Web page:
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Chapter 12

PSY100 Chapter 12

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University of Toronto St. George
Dan Dolderman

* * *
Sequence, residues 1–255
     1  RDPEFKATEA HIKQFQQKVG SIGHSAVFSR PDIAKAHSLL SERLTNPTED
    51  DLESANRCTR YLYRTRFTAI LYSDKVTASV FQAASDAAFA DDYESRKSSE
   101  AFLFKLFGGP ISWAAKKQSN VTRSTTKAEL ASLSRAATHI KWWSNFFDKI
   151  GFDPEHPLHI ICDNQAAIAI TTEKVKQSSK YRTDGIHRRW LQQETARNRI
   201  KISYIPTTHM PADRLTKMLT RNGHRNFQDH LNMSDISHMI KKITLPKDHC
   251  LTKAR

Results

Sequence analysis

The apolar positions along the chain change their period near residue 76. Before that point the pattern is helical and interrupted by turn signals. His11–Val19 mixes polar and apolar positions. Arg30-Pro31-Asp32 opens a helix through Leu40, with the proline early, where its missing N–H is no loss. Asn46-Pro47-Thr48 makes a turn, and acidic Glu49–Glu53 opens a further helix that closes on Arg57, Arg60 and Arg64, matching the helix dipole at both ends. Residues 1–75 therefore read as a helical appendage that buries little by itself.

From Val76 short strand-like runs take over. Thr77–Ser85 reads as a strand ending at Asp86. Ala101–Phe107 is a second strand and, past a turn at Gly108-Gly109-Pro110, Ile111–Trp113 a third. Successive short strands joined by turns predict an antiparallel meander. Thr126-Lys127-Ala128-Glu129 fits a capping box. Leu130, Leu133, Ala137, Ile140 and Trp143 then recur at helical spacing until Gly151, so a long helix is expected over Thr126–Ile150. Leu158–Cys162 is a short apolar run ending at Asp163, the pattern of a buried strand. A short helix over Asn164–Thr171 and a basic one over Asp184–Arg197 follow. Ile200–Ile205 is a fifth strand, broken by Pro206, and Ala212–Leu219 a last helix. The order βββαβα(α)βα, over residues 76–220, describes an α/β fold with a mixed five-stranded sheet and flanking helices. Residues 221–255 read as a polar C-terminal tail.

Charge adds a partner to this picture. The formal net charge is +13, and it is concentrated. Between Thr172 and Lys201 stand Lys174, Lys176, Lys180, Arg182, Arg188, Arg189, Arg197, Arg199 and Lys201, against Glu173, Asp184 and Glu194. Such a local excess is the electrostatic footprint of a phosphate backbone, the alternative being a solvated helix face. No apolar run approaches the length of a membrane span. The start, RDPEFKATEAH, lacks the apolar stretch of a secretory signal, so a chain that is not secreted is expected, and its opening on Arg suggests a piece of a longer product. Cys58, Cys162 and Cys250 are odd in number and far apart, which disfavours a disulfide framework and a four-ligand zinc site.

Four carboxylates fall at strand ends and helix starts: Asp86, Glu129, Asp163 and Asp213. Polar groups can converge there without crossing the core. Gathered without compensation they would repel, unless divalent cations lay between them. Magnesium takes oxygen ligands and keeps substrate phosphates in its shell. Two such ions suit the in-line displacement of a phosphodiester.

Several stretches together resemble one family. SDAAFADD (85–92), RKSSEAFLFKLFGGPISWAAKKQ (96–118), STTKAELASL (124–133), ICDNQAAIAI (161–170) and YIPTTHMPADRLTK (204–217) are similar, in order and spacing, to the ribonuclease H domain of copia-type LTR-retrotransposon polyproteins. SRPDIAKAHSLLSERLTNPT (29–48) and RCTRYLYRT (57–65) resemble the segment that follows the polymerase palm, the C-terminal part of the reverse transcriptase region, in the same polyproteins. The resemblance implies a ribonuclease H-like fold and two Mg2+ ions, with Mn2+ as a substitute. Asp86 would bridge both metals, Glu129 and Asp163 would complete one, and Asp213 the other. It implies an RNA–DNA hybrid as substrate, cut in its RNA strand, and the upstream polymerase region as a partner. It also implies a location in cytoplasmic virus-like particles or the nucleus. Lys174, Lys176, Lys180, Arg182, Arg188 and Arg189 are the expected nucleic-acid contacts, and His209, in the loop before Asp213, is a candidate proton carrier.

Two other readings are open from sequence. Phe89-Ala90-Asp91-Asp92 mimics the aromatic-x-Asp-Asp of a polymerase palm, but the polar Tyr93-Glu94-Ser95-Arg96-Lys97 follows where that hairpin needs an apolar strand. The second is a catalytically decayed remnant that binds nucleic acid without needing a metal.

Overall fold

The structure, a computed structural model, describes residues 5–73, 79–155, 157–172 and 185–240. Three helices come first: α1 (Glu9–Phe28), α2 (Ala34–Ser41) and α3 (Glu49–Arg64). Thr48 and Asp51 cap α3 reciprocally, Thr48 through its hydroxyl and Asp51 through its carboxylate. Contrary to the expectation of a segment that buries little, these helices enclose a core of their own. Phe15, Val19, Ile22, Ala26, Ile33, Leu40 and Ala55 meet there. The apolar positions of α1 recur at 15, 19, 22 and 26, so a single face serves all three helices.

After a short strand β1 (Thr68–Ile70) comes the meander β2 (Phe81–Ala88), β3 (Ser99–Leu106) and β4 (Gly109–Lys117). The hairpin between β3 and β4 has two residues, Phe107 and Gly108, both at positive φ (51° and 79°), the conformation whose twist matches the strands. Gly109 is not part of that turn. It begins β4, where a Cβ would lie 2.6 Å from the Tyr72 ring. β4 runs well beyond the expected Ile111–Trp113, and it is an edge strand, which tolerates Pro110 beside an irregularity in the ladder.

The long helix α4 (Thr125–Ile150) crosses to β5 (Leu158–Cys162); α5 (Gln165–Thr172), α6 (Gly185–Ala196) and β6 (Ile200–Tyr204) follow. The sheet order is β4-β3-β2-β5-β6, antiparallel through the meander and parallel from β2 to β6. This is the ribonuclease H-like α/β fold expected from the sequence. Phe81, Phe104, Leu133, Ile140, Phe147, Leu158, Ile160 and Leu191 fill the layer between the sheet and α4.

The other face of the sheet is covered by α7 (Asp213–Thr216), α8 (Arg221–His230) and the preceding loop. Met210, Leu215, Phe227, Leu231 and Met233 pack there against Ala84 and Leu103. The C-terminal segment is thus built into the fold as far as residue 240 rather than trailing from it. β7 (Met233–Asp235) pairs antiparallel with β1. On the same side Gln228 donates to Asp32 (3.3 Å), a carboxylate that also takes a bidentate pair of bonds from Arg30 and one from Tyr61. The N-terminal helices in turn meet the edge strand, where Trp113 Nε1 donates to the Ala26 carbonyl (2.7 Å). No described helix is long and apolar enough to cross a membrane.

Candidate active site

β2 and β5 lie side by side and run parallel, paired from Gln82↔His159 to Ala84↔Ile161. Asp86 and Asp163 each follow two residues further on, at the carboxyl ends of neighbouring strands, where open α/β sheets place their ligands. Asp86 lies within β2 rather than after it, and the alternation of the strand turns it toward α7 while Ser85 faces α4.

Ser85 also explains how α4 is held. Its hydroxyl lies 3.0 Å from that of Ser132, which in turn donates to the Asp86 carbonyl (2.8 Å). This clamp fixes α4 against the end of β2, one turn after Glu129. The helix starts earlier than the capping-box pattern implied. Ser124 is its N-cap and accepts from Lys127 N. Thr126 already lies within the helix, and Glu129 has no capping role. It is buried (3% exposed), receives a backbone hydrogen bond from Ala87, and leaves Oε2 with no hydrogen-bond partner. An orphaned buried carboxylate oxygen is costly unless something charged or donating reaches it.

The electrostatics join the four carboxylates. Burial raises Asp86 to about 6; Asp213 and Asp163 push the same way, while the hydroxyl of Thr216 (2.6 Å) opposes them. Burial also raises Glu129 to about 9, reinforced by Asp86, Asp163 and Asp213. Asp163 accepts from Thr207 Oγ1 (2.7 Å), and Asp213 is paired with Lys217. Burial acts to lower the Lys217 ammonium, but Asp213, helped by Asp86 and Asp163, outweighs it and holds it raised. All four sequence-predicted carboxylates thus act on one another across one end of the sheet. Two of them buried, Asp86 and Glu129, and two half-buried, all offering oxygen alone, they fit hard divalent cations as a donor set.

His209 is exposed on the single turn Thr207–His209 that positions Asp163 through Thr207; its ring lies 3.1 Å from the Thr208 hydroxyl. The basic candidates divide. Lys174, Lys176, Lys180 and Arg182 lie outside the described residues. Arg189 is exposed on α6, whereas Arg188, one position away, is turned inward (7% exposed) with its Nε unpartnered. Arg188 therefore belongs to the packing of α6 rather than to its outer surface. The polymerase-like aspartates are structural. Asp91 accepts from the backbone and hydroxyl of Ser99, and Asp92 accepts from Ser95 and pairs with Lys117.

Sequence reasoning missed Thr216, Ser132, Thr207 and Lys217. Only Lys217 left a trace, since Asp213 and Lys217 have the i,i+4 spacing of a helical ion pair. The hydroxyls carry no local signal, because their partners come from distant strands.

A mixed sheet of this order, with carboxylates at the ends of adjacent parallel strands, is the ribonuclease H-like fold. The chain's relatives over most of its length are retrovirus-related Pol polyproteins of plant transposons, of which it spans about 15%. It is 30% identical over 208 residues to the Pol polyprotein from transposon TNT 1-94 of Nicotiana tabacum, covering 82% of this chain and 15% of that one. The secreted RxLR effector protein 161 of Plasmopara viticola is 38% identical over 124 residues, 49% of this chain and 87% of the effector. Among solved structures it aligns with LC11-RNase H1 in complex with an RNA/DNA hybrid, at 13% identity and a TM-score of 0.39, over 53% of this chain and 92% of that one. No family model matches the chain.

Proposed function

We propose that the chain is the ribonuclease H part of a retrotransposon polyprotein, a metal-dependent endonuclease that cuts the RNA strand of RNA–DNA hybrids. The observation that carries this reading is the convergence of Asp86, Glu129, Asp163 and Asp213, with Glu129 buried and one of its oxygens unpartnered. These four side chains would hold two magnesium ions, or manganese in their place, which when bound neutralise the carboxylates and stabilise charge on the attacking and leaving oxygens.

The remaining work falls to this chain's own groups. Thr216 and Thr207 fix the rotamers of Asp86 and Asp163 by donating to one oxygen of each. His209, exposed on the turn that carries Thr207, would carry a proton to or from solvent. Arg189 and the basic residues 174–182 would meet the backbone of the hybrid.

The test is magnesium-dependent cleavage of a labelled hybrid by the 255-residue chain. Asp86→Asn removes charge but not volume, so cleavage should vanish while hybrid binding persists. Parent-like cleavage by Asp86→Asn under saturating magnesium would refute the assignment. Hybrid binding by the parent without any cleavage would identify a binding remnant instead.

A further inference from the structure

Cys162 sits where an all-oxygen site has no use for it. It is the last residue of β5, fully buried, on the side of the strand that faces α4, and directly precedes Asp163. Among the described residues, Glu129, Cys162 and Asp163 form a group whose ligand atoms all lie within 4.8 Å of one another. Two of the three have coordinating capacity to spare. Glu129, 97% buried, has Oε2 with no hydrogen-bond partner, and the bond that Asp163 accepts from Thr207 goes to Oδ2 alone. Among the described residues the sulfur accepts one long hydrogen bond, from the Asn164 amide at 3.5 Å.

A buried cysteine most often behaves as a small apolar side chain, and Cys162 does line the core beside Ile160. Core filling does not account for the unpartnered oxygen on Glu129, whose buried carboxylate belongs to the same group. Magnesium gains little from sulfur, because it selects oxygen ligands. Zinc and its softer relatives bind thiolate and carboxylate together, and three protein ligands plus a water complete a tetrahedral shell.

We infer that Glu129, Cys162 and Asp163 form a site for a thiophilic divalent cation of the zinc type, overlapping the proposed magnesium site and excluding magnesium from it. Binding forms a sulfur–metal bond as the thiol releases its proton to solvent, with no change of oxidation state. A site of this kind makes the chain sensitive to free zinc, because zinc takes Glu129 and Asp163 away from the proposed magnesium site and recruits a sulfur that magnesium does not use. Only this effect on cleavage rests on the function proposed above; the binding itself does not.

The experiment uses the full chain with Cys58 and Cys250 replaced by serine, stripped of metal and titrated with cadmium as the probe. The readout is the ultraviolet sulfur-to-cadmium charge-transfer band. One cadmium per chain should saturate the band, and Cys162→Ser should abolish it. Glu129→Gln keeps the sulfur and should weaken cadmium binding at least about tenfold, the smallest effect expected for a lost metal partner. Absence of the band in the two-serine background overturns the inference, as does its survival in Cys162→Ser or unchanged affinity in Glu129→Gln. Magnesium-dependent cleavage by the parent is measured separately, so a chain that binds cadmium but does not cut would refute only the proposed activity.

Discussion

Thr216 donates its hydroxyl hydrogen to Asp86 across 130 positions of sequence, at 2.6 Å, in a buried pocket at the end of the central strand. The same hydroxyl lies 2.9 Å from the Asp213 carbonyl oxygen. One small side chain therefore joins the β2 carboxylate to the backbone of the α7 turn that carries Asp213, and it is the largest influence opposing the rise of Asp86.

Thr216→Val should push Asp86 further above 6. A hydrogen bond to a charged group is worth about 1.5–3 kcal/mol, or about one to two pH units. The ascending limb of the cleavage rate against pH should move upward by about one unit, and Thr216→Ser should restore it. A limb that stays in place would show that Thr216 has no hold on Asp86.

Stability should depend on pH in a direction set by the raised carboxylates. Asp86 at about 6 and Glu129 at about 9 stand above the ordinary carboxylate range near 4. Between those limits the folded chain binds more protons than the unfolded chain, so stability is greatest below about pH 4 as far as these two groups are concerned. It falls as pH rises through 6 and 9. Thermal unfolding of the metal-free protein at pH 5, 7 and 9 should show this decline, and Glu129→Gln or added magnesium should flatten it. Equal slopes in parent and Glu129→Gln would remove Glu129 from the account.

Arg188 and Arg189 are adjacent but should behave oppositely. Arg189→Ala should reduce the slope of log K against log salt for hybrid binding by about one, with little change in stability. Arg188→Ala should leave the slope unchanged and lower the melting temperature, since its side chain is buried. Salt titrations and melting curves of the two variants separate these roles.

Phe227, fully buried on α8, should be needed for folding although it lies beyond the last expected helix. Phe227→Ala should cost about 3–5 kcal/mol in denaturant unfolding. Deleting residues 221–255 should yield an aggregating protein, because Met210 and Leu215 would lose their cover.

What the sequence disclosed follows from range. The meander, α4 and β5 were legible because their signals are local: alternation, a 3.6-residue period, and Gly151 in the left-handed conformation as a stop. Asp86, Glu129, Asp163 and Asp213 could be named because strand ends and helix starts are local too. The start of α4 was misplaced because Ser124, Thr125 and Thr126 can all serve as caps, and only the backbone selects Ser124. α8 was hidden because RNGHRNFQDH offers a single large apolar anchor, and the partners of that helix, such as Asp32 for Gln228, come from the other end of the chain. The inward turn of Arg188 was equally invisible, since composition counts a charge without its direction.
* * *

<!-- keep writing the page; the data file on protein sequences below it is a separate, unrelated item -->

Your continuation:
Chapter 12 - Social Psychology Social psychology: concerned with how people influence other people’s thoughts, feelings and actions Attitudes: the evaluation of objects, events or ideas • Zajonc- noted that the more a person is exposed to something, therefore greater familiarity with it, the more likely a person is to develop positive attitudes about the item= mere exposure effect • Explains why we prefer reversed images of ourselves, what we frequently see in mirror • Attitudes are shaped through socialization • Can be conditioned, classical conditioning (positive attitudes about deodorant that Brad pit is endorsing), operant conditioning (reinforcement= better grades, more positive attitudes about school) Attitudes predict behaviour • The stronger, more personally relevant, and specific the attitude, more likely to predict behaviour, be consistent over time, be resistant to change • Attitude accessibility: ease at which person can retrieve memories related to an attitude • Fazio showed that easily activated attitudes, the more likely to predict behaviour, be consistent over time, be resistant to change • Explicit attitudes: attitutes you know about and can report to other people (I like bowling) • Implicit attitudes: influence feeligns and behaviours at unconscious level • Assess them from memory quickly, little conscious effort or control • Ex: purchase brad pitt deodorant w/o remembering commercial Implicit Association Test • Reaction time test that can identify implicit attitudes • Measures how quickly we associate concepts or objects with positive or negative words • ex: Female= bad or female=good indicates implicit attitude towards females Leon Festinger- Cognitive Dissonance • occurs when there is a contradiction between 2 attitudes or between an attitude and a behaviour • dissonance causes anxiety and tension, and therefore motivates people to reduce the dissonance by changing attitudes or behaviours • ex: choosing university causes dissonance • post decisional dissonance: take both schools, focusing on one’s school’s positive aspects (chosen school) and other school’s negative aspects • Festinger’s Dissonance Study • Participants paid either $1 -$20 to mislead fellow participant, later asked how worthwhile and enjoyable task had actually been • Those paid 1$ rated the task much more favorable than those paid $20 • Those paid 1$ had insufficient monetary justification for lying= cognitive dissonance therefore to justify why they went along with the lie, they changed their attitudes about performing the dull task “it was fun” • Those paid 20$, enough monetary justification for lying, no cognitive dissonance “it was boring” * shows that 1 way to change attitudes tis to change behaviours first • When players go through pain, embarrassment, or discomfort to join group (initiation), they experience dissonance • Resolve dissonance/justify their actions by inflating the importance of the group and their commitment to it Elaboration likelihood model- Perry & Cacioppo • Persuasion works via 2 routes 1. central route: people motivated to pay attention to arguments, consider all info, use rational cognitive processes- leads to strong attitudes over time resistant to change 2. peripheral route: people not motivated, minimally process message, leads to impulsive action, attitude changes reflect the presence or absence of shallow peripheral cues • Cues that influence message’s persuasiveness: • Source: Attractive and credible sources most persuasive • Content: strong arguments that appeal to our emotions most persuasive • Receiver: more receives persuasive source as similar to themselves= more persuasive What we use to make impressions of others Non-verbal behaviour: facial expressions, gestures, mannerisms, movemetns by which one communicates with others 1. Facial expressions – face communicates emotional state, interest, distrust, etc. 2. non-verbal behaviour/body language • Ambady & Rosenthal- thin slices of behaviour- people can make accurate judgments based on only a few seconds of observations • Ex: seeing videos of judges talking to juries, can use judges body language to predict whether judge believes person is guilty or not • Gait also provides information about affective state • Study found that after watching 10sec clip of figural outline no face, participants correctly guessed figure’s sexual orientation at a rate better than chance 3 Attributions: people’s causal explanations for events or actions, including other people’s behaviour • Fulfills our basic needs for order and predictability- anticipate future events Just word hypothesis: assume that victims did something to deserve what happened to them ex: person’s fault for getting raped Attributional dimensions (Heider) • Personal attributions/ internal of dispositional attributions: explanations that refer to things within people, such as abilities, traits, moods, or effort • Situations attributions/external attributions: refer to outside events, weather, luck, accidents, actions of others • Weiner suggested that attributions can also vary in terms of stable/unstable, controllable/uncontrollable Ex: bad weather: situational/external, unstable, uncontrollable Attributional bias • error/correspondence bias: tendency to overemphasize personal factors and underestimate situational factors in explaining behaviour • Idea originated by Edward Jones- correspondence bias- emphasizing that people expect other’s behaviours to correspond with their own beliefs and personalities • Actor/observer discrepancy: correspondence bias + fundamental attribution error (ex: attribute our lateness to situational factors, colleague lazy, lack of organization) • Eastern cultures tend to use both personal and situational factors when making behavioural attributions vs. Westerners • Still favor personal attributions vs. situational info fundamental attribution error universal across all cultures Stereotypes • Cognitive schemas that allow for easy, fast processing of info about people based on their memberships in certain groups • Stereotypes themselves are neutral and simply simplify cognitive processing • Stereotypes guide attention toward info that confirms the stereotype and away from disconfirming evidence • Memories also biased by stereotypes • When encountering someone that doesn’t fit stereotype= exception to rule vs. invalidate stereotype= subtyping Stereotypes Prejudice discrimination Ingroup: groups that we belong to, more strongly identify with • Ingroup favouritism: people will more likely distribute resources, do favours, forgive in- group members vs. outgroup members • Tajfel & Turner- randomly assigned particpants into 2 groups on basis of meaningless criteria- still gave ingroup members more money prevented outgroup members from getting money (may have evolutionary significance) Outgroup: groups that we don’t belong to • Outgroup homogeneity effect: people tend to view outgroup members as less varied that ingroup members (U of T students more diverse, Queen students all same) Stereotypes and perception • Payne showed picture of various objects to white participants and asked them to classify objects as gun or tools as fast as possible • Right before, showed picture of either white or black guy • Priming black face led participants to identify guns more quickly and to mistake tools for guns Inhibiting stereotypes • Patricia Devine points out that people can override the stereotypes that they hold and act in non-discriminatory ways • Requires self-regulation -Show black faces activates amygdala (detects threat) but initial reaction can be overridden by frontal lobes • Nilanjana, Dasgupta, Greenwald showed that priming pictures of admired black individuals (Michael Jordan) produced more favorable attitudes towards blacks on the IAT Cooperation can reduce prejudice • Sherif study • Took 22 boys to camp, split them into 2 groups, isolated them, got them to compete against each other resulted in tension, hostility • Discovered that hostility can be undone by cooperative task “among strangers, competition and isolation create enemies. Among enemies, co-operation created friends” Aronson’s Jigsaw Classroom • Programs that most successfully bring groups together inolve person-to person interaction • Students work together in mixed race or mixed- sex groups- all, expert in 1thing • All geography experts meet with other geo experts, master material bring info back to group (2-fold cooperation) Power of the social situation is much greater than most people believe Zimbardo- “difficult to remain a cucumber while those around you become pickles” Zajonc’s social facilitation theory • Mere presence of others leads to increased arousal which favors dominant response • For simple